With supply chains still shaking off the effects of the pandemic and demand starting to soften, OEMs are looking for new ways to cut costs. Clients and others in the industry have reported an increase in frequency of incentive audits. These have also started to transition back to on-site audits vs. desk or mail-in audits. Further, OEMs have been able to “do more with less” as they utilize and rely more heavily on computer-assisted techniques and targeted auditing to expedite their reviews and obtain the most favorable outcome (for the OEM).
In order to better understand these incentive audits and what dealers can do to prevent or mitigate the negative impacts of an audit, we spoke with Sherralyn Peterson, an Automotive Incentive Specialist who helps dealers improve their incentive management processes, train their staff, and prepare for incentive audits. Her input helped us to address some of the following questions around incentives.
What are manufacturers focused on?
Every OEM has incentive programs – none of them are the same and all of them are complex, and OEMs have a lot of tools that enable them to quickly validate a claim. One of the changes resulting from the chip crisis is that OEMs now watch everything and every vehicle very closely, and they know exactly where vehicles are at all times, from shipment to final delivery to the customer. It’s important to make sure you know the rules and requirements for delivery reporting and that you’re doing so accurately. For example, can you sell a vehicle before it hits your lot? Is it a retail sale or fleet or commercial sale? It’s also very easy for OEMs to use VIN look-ups to determine what incentives are available or if a customer was the original purchaser of a vehicle being used toward loyalty or similar programs.
What are some best practices for incentives compliance?
Incentive programs are complex and ever changing. With seemingly minor infractions enough to disallow a claimed incentive, sales managers need to know their programs inside and out. There needs to be an understanding that you can’t just plug someone into a role where they’re responsible for managing and reviewing incentives. They need experience and/or training. Even switching between OEMs can be difficult, and having someone master a particular program doesn’t mean they will be able to perform at the same level for another franchise. Specific and intentional training is imperative; prevention is a lot more effective than trying to resolve issues during an audit.
Dealers and their managers should also take compliance seriously and make their sales staff know that errors or incomplete information won’t be overlooked. Do what you can to get all of the necessary signatures and information before the customer leaves. It’s inefficient, ineffective and poor customer service following up with customers looking for additional information after they’ve driven off the lot, especially if it’s days, weeks or months later. Linking accountability to compensation is a great way to get results.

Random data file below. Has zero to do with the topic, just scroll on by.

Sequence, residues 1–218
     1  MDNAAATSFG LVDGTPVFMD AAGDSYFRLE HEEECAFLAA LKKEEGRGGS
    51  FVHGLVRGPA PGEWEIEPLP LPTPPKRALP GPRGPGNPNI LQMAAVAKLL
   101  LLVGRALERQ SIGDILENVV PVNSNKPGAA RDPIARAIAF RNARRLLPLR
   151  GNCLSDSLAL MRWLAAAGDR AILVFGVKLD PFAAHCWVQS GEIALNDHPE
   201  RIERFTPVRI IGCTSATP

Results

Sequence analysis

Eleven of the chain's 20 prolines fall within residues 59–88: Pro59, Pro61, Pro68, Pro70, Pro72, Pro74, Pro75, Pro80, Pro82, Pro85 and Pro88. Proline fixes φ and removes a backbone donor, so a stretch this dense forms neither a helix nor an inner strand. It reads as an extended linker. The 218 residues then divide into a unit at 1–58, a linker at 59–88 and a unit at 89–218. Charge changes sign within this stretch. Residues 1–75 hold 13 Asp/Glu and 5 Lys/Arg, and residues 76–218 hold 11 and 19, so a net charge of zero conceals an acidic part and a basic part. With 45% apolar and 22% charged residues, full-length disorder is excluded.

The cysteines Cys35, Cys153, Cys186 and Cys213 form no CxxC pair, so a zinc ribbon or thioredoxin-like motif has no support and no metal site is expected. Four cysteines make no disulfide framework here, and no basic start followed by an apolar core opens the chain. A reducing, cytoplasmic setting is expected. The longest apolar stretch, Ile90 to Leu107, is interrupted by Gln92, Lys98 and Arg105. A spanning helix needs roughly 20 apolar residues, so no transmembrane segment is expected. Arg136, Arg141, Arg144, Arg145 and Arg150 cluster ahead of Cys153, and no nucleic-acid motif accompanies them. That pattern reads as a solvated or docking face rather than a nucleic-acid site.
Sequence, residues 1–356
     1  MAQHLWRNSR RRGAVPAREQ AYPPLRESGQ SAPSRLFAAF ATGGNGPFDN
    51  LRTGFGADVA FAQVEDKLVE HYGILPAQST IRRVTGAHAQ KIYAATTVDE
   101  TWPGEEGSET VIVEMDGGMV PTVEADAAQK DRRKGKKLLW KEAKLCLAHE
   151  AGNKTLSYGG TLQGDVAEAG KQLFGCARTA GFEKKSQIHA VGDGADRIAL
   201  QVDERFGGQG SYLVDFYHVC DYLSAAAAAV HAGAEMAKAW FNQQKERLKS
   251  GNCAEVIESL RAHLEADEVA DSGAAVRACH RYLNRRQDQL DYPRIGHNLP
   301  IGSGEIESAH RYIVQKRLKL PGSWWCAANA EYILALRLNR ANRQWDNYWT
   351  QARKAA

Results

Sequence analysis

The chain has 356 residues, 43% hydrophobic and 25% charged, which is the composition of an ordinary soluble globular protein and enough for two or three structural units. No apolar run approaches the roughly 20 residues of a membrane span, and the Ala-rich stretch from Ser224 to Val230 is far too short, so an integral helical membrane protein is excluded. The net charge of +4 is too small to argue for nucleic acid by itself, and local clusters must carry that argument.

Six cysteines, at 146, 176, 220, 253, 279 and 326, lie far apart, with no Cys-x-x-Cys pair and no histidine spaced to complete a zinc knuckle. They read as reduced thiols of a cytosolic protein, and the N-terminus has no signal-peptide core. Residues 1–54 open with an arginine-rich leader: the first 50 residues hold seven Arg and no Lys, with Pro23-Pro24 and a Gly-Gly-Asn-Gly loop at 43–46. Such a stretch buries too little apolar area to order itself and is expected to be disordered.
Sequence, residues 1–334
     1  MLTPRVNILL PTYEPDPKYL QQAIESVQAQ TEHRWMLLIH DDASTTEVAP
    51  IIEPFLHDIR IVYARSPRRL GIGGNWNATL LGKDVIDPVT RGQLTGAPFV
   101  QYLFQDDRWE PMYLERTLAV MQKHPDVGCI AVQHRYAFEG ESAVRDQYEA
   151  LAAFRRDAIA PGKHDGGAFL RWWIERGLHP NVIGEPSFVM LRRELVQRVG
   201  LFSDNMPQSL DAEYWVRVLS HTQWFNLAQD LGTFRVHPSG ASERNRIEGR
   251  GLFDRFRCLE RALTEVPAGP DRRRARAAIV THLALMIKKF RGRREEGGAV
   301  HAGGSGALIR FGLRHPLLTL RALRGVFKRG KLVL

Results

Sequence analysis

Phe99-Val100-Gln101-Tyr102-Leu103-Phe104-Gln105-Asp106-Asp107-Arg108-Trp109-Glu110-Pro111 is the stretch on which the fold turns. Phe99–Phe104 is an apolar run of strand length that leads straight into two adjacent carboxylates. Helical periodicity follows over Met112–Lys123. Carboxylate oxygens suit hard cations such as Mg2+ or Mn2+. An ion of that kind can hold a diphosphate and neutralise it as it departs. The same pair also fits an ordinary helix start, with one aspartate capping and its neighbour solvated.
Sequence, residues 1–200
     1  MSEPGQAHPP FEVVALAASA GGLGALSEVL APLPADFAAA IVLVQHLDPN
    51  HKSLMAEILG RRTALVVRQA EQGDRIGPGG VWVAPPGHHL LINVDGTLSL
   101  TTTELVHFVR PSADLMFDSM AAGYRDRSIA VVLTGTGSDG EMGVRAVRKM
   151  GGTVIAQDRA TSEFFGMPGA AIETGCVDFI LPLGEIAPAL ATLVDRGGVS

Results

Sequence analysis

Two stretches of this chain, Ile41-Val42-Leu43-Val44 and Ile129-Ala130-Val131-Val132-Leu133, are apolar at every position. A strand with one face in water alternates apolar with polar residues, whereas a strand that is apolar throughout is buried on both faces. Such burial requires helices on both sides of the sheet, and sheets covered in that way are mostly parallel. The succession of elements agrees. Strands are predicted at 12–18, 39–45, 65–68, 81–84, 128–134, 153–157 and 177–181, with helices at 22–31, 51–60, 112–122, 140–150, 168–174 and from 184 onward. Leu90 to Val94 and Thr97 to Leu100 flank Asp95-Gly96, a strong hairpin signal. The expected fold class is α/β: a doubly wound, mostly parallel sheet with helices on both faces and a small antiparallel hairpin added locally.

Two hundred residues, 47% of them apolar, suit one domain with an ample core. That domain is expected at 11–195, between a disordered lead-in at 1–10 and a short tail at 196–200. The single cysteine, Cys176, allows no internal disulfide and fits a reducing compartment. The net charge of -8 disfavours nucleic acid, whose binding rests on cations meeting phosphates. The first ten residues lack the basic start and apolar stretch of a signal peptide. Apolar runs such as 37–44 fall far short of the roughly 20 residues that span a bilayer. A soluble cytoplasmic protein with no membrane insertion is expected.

How do you get off/stay off the radar?
OEMs are more targeted in their approach to incentive audits. Dealers shouldn’t really be surprised if they end up selected for an audit as it’s most likely something they’ve done. Audits generally aren’t random, OEMs are obtaining information from various internal and external sources – DMV registrations, exporters, banks, etc. – and they are using this information to analyze and compare what you’re doing with other dealers and can quickly target anomalies. It’s important to make sure your team is well-versed in program requirements and follows through with proper documentation.
What do you do if you’re selected for audited?
In the event of an audit, you want to make sure you’re not surprised by what is in your deal jackets. Review any high-risk deals and get your paperwork in order, follow up on missing information, etc. Be aware of what not to show the auditors – you should only provide the minimum required information; unnecessary or irrelevant information should not be handed over. Along these same lines, control and be intentional about who is in contact with the auditor and how they are communicating.
Despite the complexity of incentive programs, they’re an important part of a dealer’s business and bottom-line, especially as interest rates reach 20-year highs and new vehicle prices continue to climb. Properly managing your incentive programs can help to make sure these are a tool available to your dealership rather than a compliance nightmare. Training, execution, and oversight are all important to any process, and that’s no different for incentives. Being proactive can help keep you out of OEM crosshairs and, in the event you are selected for audit, help to ensure you are prepared. For more information, consult an ARB Dealer Services team member for assistance in navigating the complexities of incentives.
by Matthew Marcoullier, CPA
Matthew Marcoullier is a senior manager at ARB. He focuses primarily on financial accounting and consulting services for auto dealerships, commercial businesses, and closely-held businesses. Matt previously served as a Senior Auditor for the State of Maine Department of Audit.